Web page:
After my grandparents died last year, my daughter inquired about death and Heaven. I conveyed that many people truly believe we go to Heaven after we die, although no one can report the accuracy since the only ones who know are dead. I was slightly more gentle in my delivery, but she is very logical and was satisfied with that. Imagine, a child being satisfied with the truth! If, when my kids are grown, they choose religious faith as an adult, it will be of their own accord and not because they were brainwashed. Likewise, it is their prerogative if they prefer to view the world as a scientific masterpiece. I see blind faith as not only unadulterated acceptance, but also a lack of vision to the world's realm of possibilities.

I genuinely feel that I would be doing my children a great disservice if I instilled unilateral thoughts into their minds, for it would consequently hinder their infinite potential.


Jeffrey Ellis said...

Sounds like you are doing right by your kids. Hope you aren't judging all Christians by the fundie wacko's you've had to put up with, we're all not like that. There are even some (I speculate most!) of us who believe in evolution!


JafaBrit's Art said...

My mother was an atheist, her mother a devout catholic. My mum didn't discard religion, she just never believed and my nana never tried to force it. My nana felt her belief was hers and never tried to force it on my mum.
So I never had any beliefs force on me. When I asked questions as your child did, my mum would say this is what some believe and this is what I think and then leave it at that. She wanted me to think for myself and draw my own conclusions.

I have raised my children the same way, and what they choose to believe is their business. What astounds me is the notion by many that one cannot grow up in a atheist household with values, and morals.

Anyway I think you have a great attitude. As for what I think, I cannot claim I know or don't know, so I guess I am agnostic, although I am very spiritual and feel there is something bigger than me (just don't know what it is).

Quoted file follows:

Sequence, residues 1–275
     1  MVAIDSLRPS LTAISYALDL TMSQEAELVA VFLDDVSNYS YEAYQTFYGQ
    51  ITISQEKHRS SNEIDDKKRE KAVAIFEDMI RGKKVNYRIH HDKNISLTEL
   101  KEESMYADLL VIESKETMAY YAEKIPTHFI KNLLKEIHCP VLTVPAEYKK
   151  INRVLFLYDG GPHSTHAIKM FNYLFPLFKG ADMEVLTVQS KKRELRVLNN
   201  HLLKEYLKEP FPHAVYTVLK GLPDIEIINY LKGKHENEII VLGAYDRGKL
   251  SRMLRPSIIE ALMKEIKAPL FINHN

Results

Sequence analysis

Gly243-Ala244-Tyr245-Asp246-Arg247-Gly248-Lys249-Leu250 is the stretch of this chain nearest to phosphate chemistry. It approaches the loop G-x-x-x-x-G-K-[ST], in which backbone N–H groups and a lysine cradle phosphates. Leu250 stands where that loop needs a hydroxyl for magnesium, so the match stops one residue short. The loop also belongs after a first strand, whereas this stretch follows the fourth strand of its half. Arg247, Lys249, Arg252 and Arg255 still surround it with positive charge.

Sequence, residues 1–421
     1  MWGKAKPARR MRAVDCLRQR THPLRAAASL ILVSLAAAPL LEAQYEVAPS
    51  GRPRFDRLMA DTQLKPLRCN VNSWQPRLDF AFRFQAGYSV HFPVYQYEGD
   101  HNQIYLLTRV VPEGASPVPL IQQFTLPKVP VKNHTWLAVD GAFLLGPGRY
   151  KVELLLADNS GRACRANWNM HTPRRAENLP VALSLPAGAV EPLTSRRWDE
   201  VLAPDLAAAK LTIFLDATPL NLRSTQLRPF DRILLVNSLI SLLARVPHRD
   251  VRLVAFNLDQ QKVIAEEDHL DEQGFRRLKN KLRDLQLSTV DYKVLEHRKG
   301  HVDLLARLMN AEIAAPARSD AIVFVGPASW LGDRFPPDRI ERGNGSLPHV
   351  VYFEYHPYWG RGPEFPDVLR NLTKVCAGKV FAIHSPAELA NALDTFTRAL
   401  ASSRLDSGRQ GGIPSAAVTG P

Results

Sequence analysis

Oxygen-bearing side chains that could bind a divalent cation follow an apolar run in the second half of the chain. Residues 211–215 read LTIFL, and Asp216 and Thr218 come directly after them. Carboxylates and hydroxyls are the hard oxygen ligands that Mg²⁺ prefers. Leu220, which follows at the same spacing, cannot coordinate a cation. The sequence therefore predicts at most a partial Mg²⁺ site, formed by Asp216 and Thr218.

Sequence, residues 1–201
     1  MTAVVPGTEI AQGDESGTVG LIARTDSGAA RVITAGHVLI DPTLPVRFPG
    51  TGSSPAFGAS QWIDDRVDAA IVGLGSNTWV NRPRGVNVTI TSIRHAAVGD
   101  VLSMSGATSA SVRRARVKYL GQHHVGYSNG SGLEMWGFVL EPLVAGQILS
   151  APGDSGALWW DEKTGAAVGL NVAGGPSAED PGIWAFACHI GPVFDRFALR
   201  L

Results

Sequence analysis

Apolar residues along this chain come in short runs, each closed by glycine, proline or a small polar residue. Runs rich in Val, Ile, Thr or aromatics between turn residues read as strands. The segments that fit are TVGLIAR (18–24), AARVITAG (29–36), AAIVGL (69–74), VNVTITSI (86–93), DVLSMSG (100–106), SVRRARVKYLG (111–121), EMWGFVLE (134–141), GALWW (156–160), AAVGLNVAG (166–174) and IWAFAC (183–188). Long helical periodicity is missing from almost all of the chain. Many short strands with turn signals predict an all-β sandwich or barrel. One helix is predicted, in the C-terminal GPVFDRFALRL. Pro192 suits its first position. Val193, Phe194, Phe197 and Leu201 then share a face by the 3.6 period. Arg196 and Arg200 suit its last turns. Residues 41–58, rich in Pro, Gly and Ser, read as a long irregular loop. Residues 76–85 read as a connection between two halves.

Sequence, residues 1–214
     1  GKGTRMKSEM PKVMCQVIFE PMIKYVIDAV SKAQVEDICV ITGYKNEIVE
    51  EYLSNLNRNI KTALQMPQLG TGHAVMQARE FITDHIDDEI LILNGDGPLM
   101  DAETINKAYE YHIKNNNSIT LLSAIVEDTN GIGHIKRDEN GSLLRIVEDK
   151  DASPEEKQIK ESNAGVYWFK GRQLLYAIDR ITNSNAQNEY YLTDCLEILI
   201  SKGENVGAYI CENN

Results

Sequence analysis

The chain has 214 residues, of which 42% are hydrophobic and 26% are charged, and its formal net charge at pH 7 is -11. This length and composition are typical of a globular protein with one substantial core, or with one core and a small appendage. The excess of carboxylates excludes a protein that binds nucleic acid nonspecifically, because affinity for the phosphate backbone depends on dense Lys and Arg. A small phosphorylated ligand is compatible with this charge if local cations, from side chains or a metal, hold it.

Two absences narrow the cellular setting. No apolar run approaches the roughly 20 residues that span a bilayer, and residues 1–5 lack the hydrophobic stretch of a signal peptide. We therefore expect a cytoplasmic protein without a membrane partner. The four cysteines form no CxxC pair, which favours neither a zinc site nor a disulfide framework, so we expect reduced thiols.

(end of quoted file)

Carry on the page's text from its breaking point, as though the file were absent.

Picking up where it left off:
Anok said...

I might have to discard my "Jeebus" derogatory term for "Cheesus" (it's all in good fun, honest!).

I am very much in agreement with you though, I am Pagan, but I will only answer questions from Punky McSquisherton when asked, and then when it comes to school time, I will offer a world religion course, thereby leaving it up to Punky, with as many facts about religion I can give.

I think I would be served up with fries and ketchup though, if I lived in the Bible Belt!

Anonymous said...

... I feel that sometimes we have to agree to disagree.Instead of
arguing about all our differences,
lets rally around the things that we can agree on(I can't change the way you feel and you're probably
not going to change the way I feel).However,we can appreciate one
another's uniqueness.

Christine Vyrnon said...

Truly appreciative the way you are approaching your children and religion. I very much like the suggestion that children can be as attracted to logic/facts as to myth. Great post!

FLOOG said...

What a wonderful post.

I totally admire your honesty, and agree wholeheartedly with your sentiments. Also, Jafabrit's comment is quite brilliant and echoes my feelings.

Your children will love and thank you in later life for allowing them to grow, learn and make personal choices on religious matters. It's so important in my opinion.

I thank my parents for being as rational and fair minded as yourself, and for entering into so many subsequent conversations on the matter with me over the years.

And 'Baby Cheeses', wonderful.